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Old 12-15-2013, 12:34 PM   #61
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Originally Posted by mpeirce View Post
Huh. Are there others out there that exercise and completely ignore their heart rates?
I don't! I know I'm where I 'should be' in a workout because I'm sweaty and breathing somewhat hard. Even when I did a marathon, I just printed off a training schedule, put it on my fridge and just RAN - no timer or fancy watches. Ended up doing it sub 4 hours with negative split with no 'technical training' ... so if my workouts are half-assed because I don't analyze them, well, I think it's working out OK for me.

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Old 12-15-2013, 01:10 PM   #62
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No heart rate measuring for me either. I just pick a hiking pace/incline or bike speed that pushes my heart rate up to where I think I'm getting a good workout.

"And in the end, it's not the years in your life that count. It's the life in your years" - Abraham Lincoln
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Old 12-16-2013, 10:28 AM   #63
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Originally Posted by Danmar View Post
Just finished a good workout this AM. My max heart rate went to 153 BPM while the average over 45 minutes was 142. This is a little more than usual for me. I was wondering how high your heart rate goes and for how long? I am 63 years old.
I'm 54 and my HR during exercise varies depending on the workout and its goal. In general, the average never goes below mid-150's, and I frequently hit 170-175, with a few swipes at 180 on really tough days.

I don't worry about how high my HR goes during a workout because I figure I'll pass out before I die. My body sends all kinds of "please stop" signals when I hit the 170's, and it takes a lot of discipline to keep that pace for very long.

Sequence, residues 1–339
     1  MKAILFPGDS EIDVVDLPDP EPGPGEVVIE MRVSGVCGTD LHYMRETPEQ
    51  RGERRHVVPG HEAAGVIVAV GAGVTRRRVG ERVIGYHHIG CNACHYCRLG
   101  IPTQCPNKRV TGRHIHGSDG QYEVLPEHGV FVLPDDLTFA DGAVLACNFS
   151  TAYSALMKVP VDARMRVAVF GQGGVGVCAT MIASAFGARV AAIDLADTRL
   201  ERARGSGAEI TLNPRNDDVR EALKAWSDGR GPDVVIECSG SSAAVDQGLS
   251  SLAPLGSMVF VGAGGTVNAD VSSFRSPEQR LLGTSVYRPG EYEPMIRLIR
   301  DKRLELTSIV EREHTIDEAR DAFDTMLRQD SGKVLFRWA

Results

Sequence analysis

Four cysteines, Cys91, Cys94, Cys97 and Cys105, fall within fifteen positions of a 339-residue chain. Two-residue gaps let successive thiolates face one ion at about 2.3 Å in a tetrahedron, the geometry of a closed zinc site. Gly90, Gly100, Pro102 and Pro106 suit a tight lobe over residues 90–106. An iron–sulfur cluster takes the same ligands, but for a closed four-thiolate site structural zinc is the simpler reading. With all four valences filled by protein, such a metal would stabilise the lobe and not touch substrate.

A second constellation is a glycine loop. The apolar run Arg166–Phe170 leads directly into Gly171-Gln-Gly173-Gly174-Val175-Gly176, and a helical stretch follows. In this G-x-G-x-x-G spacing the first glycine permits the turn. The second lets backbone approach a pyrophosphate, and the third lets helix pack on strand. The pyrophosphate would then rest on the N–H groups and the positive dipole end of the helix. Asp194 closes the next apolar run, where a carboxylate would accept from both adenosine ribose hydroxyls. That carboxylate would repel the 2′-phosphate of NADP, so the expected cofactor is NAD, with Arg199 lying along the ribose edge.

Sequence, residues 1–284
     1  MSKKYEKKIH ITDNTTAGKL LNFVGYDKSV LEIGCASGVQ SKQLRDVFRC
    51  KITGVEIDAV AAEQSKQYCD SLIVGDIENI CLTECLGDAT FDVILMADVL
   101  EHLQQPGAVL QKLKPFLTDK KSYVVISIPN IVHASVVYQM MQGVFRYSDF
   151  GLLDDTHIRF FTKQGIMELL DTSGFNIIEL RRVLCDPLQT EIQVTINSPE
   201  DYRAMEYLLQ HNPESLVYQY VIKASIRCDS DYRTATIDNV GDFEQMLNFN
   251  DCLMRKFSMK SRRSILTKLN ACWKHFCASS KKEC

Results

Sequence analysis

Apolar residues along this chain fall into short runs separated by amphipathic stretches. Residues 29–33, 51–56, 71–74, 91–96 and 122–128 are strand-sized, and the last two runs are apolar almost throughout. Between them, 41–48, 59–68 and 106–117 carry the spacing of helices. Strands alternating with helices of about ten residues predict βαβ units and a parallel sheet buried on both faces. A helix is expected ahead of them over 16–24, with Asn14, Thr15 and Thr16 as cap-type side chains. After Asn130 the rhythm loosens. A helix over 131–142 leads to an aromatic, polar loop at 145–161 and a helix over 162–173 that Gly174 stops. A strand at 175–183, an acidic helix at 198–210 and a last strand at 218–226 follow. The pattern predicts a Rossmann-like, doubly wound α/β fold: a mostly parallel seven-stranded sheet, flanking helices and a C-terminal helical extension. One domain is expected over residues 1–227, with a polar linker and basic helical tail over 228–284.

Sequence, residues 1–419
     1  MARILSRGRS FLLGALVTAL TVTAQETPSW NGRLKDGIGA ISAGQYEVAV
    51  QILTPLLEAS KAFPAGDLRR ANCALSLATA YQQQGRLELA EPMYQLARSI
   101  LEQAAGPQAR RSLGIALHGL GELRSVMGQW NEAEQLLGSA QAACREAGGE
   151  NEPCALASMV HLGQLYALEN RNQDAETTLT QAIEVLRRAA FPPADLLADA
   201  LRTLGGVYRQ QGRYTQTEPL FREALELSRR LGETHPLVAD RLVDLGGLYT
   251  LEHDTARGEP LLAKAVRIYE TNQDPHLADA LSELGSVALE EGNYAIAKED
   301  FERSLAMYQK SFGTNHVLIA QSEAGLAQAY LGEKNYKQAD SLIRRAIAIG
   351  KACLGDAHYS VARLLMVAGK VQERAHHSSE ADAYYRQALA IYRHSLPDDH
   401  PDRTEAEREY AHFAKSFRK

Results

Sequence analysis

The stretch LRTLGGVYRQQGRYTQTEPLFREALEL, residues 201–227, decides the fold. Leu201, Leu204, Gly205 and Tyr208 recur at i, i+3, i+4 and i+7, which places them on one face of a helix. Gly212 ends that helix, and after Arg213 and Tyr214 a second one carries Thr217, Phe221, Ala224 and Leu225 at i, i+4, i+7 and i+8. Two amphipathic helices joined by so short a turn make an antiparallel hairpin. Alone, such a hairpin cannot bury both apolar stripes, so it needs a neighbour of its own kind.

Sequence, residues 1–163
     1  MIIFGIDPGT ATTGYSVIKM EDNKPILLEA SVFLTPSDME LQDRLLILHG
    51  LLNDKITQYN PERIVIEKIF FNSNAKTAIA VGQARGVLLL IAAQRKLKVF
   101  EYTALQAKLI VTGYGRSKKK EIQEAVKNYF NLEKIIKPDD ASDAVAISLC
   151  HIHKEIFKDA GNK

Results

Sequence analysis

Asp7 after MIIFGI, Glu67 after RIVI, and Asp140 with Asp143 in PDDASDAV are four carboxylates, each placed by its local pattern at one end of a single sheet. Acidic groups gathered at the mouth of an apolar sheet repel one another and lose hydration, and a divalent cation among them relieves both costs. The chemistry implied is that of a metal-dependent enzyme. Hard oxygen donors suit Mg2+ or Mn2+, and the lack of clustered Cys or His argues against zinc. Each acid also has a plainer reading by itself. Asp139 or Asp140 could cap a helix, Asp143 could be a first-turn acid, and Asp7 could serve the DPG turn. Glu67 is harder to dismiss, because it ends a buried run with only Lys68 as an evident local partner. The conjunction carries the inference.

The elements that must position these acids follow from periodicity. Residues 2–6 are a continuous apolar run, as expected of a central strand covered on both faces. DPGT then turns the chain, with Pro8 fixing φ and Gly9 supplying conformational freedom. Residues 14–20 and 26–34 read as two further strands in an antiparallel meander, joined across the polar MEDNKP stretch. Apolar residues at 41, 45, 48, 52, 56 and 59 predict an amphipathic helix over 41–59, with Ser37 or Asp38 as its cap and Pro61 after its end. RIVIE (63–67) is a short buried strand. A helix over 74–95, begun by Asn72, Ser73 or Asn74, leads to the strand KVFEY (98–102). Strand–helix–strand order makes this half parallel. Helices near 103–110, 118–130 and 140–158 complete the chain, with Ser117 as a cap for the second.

I use the HRM to keep track of how many calories I burn so I can compare one workout to another. I also use it to measure how quickly I can recover from a maxed out HR. My goal is to hit the 170+ range and bring it back down by 30 BPM within 1 minute. Currently I can lower it by 20 BPM easily, and sometimes more.

More importantly, and slightly more difficult to quantify, is how much work I can do inside of a given HR range. After a year of intense training, that has continually progressed in difficulty, I find that I have to work 2-3 times harder now than I did last year just to break a sweat and get my HR in the 150+ range. Most of the people I train with are fantastic athletes 25-30 years younger than me, and we usually burn roughly the same amount of calories in a session, but their average HR and max HR is always lower.

I'm no expert on this stuff, but I've learned a lot in the last year. How I use a HRM and what I do with the info has drastically changed in that time. Now it's all about pushing my body to make it respond with improved capacity, and the HRM helps me measure that.
There is no pleasure in having nothing to do; the fun is having lots to do and not doing it. - Andrew Jackson
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Old 12-16-2013, 12:10 PM   #64
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Originally Posted by haha View Post
I would like to, but recently at least I am regular...
Which is really important at our age...

Have Funds, Will Retire

...not doing anything of true substance...
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